The United Nations Convention for the Rights of the Child defines a child as any human being below the age of eighteen years. Therefore, children will be voting in the coming general election.
Amendments to the Constitution first in 2014 and later in 2018, allowed persons as young as 16 years old, to vote. After they voted to elect local councils and later representatives in the European Parliament, the next general election will be the first to include voters aged below 18 years.
In an attempt to involve these new voters, the major political parties both extended their membership criteria to include children as young as 14.
There is nothing intrinsically wrong in these developments albeit their actual effects on the quality of the democratic process are yet to be studied. For the time being however, they merely resulted in an extension of the electorate.
Whilst they are possibly detected in national polls that are regularly published, this is hardly a detailed understanding of young voters’ thoughts, concerns, and ideas. It is interesting to know whether young people are planning to vote and whether they have made up their mind on which party and candidates to support but such polls provide very limited insight into their minds.
Picking young people’s minds (scientifically) on many an issue could be an invaluable instrument for any policy area that seeks to remain relevant for the not so distant future.
This country currently lacks the right tools to talk to children and more importantly to listen to them. We still lack the right platforms that provide children a much-needed voice. Informal initiatives run by non-profit organisations are a good starting block but there is no public entity accountable to see to the delivery of any emerging recommendations. Nevertheless, civil society is best positioned to create safe spaces and channels for ceaseless dialogue with the young generation on which present and future policy may be constructed.
We still lack the right platforms that provide children a much-needed voice.
In today’s world, information is largely consumed in the digital realm. This is especially the case for young persons. A study published this year confirms that even locally, the 16-24 age group is the one mostly present on digital platforms or social media, most of them for at least 3 hours per day with some scrolling screens for nearly 8 hours in one day. Teens and young adults were found to be getting their news and information mainly from online sources.
Given the algorithmic patterns of digital platforms litter newsfeeds with content the user is more likely to engage with, so called echo chambers and fake news raise new questions we ought to answer. It seems clearer than ever that notwithstanding the troubled level of public debate in the real or physical world, we did very little to foster healthier and more informed debate in the virtual world.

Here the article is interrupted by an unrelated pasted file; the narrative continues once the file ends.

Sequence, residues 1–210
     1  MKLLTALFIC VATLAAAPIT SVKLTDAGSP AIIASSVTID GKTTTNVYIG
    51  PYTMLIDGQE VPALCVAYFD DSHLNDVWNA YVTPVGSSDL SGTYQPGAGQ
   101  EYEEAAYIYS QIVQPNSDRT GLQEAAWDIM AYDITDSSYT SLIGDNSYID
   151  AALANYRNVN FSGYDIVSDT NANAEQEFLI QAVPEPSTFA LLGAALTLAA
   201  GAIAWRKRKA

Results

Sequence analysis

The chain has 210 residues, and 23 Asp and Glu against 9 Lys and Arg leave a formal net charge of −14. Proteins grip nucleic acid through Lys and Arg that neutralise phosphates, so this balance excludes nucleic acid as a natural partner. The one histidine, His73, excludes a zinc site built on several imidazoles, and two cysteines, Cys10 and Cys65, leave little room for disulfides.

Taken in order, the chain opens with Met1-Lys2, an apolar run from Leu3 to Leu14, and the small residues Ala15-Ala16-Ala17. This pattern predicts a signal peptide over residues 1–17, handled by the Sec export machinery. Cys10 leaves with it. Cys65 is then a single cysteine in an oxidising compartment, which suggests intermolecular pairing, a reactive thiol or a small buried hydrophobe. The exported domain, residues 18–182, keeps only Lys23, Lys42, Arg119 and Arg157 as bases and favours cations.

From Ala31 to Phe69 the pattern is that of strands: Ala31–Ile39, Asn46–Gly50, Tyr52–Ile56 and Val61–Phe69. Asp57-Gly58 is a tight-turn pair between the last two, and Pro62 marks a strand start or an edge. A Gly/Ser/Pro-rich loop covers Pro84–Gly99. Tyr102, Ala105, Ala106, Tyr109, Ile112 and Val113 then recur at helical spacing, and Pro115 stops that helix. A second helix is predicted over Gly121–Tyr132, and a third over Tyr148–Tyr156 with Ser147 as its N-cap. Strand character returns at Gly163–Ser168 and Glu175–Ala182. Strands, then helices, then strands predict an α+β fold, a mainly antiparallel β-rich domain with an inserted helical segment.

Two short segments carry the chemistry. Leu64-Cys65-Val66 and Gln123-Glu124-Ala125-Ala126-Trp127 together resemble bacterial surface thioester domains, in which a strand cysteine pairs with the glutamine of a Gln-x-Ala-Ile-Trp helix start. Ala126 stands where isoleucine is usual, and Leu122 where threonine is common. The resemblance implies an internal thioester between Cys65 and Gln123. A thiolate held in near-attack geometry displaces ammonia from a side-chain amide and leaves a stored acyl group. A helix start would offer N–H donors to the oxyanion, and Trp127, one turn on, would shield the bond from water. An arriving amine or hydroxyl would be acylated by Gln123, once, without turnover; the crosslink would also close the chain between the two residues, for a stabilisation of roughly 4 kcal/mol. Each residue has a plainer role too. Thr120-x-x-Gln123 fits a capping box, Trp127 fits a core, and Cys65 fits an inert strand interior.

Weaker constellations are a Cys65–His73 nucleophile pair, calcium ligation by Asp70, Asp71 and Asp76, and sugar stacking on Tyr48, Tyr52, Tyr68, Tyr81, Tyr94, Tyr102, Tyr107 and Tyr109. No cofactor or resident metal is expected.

The dangers afflicting young digital users are not limited to sexual abuse, bullying and hate speech. While these are all reprehensible and amount to crime, disinformation is, damaging, especially in a democratic setting and in relation to participants in a society which could objectively qualify as ‘vulnerable’.
In the digital realm too, we lack the necessary tools to protect children determinately. Self-regulated platforms have yielded more addicted than well-informed youngsters. Protection here does not and should not strictly refer to ‘freedom from’ peril, or sheltering, but should also include ensuring access to adequate information and a space to share their views. The right (digital) tools are necessary to guarantee children their freedom to participate fully in a safe space empowered by age-appropriate content.
Amid a worldwide health crisis, undeniable signs of Climate Change and a fourth industrial revolution, happenings whose implications will surely transcend generations, it is not merely symbolic that children – the new generation – are able to leave their mark. Fully integrating children into our polity could start fuelling the right dose of change steering us in the right direction.
Fresh minds are in order but lacking the basic platforms to listen to children’s voices does not necessarily guarantee we are aware of what lies in them. The chances will remain very limited, unless the appropriate environment, both ‘physical’ and digital, is set, through the right tools, enabling us to listen to children’s views and empowering them to participate fully.
Allowing children to enter the setting of old, made by older people for older people, is not very inviting of change.
‘Children’ here is not used loosely. As much as it may not appeal to the taste of a young person midway through their teens, it is factual and the most accurate term encapsulating the whole cohort in question.
Children and young persons are not passive bystanders waiting for their turn to life. They are students, workers, organisers, consumers, commuters, artists, athletes and patients. This is why all of their views actually matter.